On the other hand, what we’re talking about involves cabins hanging from a cable, and has nothing to do with the ground or tracks. The cabins are usually referred to as gondolas. I don’t know why, since they’re nothing like Venetian gondolas, but they are. The best name in English is therefore gondola lift. I specify English, because there are fine names in other languages. Portuguese and Spanish (and others) use teleférico (the French version is téléferique). German uses Seilbahn. Bahn is that useful word found in Autobahn, implying a road, and Seil is a heavy rope or cable. I have heard in English the term “ropeway”, which seems to imitate the German, but it isn’t heard to often, and the word “rope” doesn’t imply as much strength as it should. So we’ll go for Gondola Lift.


What is commonly referred to as the Teleférico do Funchal is run by Teleféricos da Madeira. It leaves Funchal from a harborside park on the east side of town, so I drove over from the Quinta, knowing there was a parking garage available. There is no pressure to try to avoid a parking ticket if your time runs out, since you just pay when you leave, so I was quite satisfied.


The distance to Monte on the gondola lift is 3.178 km (exactly 2.0 mi), and you rise up slowly 560 m (1837 ft) over Funchal. The average speed is 4 meters (yards) per second, and the gentle ride takes 15 minutes in 8-seat gondolas. However, I had a gondola to myself both ways. This YouTube video gives more of an idea.


The Teleférico do Funchal opened in 2000, 107 years after the former cog railway opened in 1893, wherein lies the next tale.


Monte Railroad   We build up, we tear down, the latter often foolishly. In 1893, Funchal--and Madeira--opened its one and only railroad. It was a steam-powered, one-track cog railway (see above) that went up the mountain from the center of Funchal right to what is now that derelict station in Monte on the Largo da Fonte. That made this little square the showplace, the main entrance to Monte, by both road and rail. By 1912, the railroad was extended further, to the next town up the mountain of Terreiro da Luta, at an altitude of 867 m (2844 ft). It lasted exactly a half-century, as it was torn up in 1943. I don’t know why, but perhaps the war effort needed steel. I can’t find any answers. The entire distance to Terreiro da Luta was a total 3.911 km (2.43 mi).


If the railroad were still there, it would not only be a means of transportation, perhaps updated from steam, but would certainly attract visitors, going perhaps one-way by gondola lift, the other way by cog railway. But the positive news I found out was first at the derelict station, where a sign said that the station was going to be restored and converted into a tea house and then a replica railroad would be built starting at the Monte station and going up to Terreiro da Luta, where the former station has apparently been a successful restaurant for some time. Present economics have, of course delayed implementation, but it was interesting that among the sponsors of the new railroad was, of all things, Teleféricos da Madeira, who apparently knows how to try to attract visitors. Online I found that, also due to economics, rebuilding the main part of the railroad down to Funchal is not foreseen, but the fact that it was discussed means that people have at least been thinking about it.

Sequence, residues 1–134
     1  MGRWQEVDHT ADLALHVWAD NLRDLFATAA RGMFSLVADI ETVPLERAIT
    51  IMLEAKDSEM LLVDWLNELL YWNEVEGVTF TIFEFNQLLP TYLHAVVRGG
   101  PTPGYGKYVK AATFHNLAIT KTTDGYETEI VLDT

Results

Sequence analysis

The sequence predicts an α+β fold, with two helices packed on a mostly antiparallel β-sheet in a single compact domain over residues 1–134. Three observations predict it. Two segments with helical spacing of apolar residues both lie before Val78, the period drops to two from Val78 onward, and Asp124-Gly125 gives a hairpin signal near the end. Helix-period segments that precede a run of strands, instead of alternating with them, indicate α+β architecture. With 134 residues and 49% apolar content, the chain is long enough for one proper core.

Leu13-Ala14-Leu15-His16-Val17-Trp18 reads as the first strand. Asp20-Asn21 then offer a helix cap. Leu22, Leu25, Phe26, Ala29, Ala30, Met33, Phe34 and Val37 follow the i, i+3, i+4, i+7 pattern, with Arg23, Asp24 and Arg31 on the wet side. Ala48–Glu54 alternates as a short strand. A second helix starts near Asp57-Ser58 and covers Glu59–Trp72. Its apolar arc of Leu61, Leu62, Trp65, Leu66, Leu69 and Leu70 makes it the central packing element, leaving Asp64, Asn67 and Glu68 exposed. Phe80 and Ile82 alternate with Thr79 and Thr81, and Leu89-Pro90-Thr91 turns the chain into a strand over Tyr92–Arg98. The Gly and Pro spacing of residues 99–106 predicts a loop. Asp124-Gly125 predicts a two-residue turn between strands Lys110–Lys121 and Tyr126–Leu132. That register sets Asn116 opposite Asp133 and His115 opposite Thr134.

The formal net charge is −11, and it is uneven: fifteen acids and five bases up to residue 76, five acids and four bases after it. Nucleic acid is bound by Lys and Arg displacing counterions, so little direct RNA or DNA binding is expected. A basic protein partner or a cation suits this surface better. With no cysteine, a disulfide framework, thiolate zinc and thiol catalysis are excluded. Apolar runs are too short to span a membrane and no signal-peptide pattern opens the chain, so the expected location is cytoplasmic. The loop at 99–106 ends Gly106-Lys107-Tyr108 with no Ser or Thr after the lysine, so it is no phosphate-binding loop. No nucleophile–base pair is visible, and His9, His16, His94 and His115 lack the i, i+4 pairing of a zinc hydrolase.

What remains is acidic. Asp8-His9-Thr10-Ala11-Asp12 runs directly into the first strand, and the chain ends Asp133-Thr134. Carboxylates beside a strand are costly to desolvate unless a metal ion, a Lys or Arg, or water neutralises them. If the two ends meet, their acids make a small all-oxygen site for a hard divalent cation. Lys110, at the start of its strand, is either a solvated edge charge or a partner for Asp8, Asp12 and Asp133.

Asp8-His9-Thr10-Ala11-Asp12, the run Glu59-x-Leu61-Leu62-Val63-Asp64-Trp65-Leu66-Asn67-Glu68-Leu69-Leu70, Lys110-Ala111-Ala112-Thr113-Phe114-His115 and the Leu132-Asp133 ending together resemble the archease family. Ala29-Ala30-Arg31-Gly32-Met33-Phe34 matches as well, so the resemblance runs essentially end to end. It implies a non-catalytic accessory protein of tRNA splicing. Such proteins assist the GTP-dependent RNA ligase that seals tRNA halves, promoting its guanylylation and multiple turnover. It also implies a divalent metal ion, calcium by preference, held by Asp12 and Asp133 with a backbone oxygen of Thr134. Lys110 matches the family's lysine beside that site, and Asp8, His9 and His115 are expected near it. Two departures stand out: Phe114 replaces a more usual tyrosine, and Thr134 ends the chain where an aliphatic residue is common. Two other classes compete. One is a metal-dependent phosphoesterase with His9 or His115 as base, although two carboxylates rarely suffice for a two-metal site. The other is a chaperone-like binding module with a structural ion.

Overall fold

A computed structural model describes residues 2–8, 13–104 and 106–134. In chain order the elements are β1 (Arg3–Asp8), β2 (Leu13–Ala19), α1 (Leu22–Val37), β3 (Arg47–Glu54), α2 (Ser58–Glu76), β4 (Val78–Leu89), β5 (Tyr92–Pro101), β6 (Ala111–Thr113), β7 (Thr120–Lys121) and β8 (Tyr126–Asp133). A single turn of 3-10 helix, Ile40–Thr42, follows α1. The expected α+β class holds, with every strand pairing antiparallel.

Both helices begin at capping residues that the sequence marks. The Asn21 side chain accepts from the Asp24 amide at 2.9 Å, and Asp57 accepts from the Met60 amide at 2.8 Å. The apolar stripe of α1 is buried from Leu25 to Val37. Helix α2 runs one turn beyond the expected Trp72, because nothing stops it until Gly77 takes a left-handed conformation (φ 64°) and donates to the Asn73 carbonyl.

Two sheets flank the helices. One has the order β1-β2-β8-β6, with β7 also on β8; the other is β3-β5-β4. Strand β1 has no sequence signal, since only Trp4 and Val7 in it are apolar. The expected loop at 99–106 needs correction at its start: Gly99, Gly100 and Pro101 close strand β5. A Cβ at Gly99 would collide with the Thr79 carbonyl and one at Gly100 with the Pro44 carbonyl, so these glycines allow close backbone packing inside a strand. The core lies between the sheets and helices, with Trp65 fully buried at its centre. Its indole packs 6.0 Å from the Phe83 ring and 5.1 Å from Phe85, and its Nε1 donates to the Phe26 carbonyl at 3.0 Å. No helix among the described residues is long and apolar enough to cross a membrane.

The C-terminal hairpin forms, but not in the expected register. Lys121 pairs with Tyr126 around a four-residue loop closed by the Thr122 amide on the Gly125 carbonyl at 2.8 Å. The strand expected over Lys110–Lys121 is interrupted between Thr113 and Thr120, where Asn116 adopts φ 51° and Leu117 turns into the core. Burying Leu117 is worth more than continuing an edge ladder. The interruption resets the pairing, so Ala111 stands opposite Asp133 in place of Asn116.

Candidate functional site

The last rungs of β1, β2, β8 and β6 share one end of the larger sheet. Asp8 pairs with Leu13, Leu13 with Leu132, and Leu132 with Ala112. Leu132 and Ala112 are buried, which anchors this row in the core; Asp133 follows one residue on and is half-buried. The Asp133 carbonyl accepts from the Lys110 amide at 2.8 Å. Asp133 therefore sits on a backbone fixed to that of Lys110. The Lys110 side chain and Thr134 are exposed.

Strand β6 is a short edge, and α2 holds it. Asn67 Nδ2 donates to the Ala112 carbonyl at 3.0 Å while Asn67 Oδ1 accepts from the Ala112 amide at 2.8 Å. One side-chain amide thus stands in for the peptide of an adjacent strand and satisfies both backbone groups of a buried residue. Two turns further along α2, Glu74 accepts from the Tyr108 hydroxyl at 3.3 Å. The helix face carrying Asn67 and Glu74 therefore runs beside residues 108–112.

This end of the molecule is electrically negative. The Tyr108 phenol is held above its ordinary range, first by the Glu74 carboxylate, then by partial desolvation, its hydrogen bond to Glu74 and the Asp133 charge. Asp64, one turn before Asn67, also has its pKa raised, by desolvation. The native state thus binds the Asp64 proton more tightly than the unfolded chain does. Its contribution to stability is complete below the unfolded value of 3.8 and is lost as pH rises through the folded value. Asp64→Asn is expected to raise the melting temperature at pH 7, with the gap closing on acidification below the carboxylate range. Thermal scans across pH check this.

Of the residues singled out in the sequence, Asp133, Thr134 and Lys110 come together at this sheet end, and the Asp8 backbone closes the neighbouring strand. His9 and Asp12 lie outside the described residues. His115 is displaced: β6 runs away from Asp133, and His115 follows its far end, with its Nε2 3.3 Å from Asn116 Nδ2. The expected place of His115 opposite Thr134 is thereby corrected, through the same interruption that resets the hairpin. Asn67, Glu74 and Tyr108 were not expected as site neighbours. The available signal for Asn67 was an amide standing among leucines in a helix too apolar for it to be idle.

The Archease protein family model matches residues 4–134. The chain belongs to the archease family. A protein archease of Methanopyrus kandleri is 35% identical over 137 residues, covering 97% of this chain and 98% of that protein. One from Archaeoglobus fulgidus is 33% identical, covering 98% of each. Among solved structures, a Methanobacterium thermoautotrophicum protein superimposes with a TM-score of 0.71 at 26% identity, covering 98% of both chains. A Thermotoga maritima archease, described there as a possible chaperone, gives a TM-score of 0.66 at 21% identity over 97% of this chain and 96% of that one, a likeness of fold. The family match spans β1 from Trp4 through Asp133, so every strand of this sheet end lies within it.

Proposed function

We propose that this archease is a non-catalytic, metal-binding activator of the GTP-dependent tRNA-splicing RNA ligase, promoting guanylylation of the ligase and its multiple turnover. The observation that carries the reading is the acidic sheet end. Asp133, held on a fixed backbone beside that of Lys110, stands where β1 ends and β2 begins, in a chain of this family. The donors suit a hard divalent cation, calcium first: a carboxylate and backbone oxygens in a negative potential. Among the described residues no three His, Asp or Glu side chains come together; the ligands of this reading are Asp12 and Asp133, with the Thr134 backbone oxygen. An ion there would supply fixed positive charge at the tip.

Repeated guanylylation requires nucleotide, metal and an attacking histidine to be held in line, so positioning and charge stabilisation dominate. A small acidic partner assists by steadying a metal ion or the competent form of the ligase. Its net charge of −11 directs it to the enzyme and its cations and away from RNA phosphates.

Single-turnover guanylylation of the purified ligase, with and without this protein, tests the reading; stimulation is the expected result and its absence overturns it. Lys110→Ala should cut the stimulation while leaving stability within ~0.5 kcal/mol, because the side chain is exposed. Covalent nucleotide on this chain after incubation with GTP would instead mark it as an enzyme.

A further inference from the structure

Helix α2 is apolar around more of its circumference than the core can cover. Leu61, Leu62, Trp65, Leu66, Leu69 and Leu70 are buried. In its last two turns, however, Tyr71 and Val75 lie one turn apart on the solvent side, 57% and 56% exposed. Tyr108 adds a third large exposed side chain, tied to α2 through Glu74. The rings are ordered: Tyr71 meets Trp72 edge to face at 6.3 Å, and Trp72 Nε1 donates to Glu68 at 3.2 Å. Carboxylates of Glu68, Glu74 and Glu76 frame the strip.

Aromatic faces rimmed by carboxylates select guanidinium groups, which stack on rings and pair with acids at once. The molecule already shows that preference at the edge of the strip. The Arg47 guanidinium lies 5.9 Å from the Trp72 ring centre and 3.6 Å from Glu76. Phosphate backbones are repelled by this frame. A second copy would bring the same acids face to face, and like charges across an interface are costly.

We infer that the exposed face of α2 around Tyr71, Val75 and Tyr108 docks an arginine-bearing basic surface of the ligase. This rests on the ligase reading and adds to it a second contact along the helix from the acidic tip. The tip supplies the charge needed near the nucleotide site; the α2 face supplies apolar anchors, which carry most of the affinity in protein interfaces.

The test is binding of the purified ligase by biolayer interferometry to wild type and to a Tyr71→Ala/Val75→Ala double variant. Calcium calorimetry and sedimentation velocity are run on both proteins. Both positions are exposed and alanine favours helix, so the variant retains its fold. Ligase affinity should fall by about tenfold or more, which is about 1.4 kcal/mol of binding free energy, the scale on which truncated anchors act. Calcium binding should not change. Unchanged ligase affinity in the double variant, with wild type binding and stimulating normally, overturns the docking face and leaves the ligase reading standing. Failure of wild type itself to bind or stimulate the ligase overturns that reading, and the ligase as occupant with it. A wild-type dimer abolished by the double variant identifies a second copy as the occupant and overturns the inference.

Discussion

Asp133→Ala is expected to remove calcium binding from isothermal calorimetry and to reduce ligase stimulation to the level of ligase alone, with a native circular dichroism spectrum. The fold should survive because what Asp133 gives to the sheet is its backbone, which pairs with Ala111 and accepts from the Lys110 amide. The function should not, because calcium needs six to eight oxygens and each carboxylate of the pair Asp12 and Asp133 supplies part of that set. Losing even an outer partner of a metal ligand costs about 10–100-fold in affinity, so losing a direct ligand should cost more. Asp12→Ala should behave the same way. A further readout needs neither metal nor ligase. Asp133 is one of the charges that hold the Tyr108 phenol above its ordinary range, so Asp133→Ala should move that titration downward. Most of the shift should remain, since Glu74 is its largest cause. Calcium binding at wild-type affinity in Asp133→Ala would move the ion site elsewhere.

Immediately south of the old station you can see that the present road is supported by a massive stone viaduct, which used to serve the railroad. As a matter of fact, there are presently two streets next to each other. The Caminho do Monte (Monte Road) was always the road for vehicles, but the street that goes over the viaduct is called the Caminho de Ferro do Monte. The first three words, as in many languages, means road-of-iron, so the street is located on the Monte Railroad roadbed. The alternate name for this street is Rua do Comboio, or Railroad Street.


I’ve picked out some historic pictures. One is only available on English Wikipedia, but Portuguese Wikipedia has a larger selection. This shows a steam train leaving Funchal. This downward view shows the Caminho de Ferro do Monte, the railbed which is now the street by that name. Note the toothed rack between the tracks. This is where the train arrives at Monte, at the station on Largo da Fonte as it originally looked. Of course, you can’t fail to see the period Carro de Cesto to the right. Finally, this is the station and restaurant up in Terreiro da Luta.


Karl I   We’ve recently made two Madeira references to WWII, both to the railroad being dismantled, and to the Gibraltarians taking refuge in Madeira. We now go further back, with a reference to WWI.


Beyond the chaos of the fighting, how the world changed. The sociological change is usually illustrated by the image of the prewar Edwardian woman, in picture hat, sleeves to the wrist, and skirt to the ankle--which would never be exposed--as compared to the flapper of the postwar 1920’s, who also was able to vote. But let’s also look at the changes in governments, and the end of long-standing royal houses. The French had become a republic well over a century before, but let’s consider Russia, Germany, and Austria-Hungary.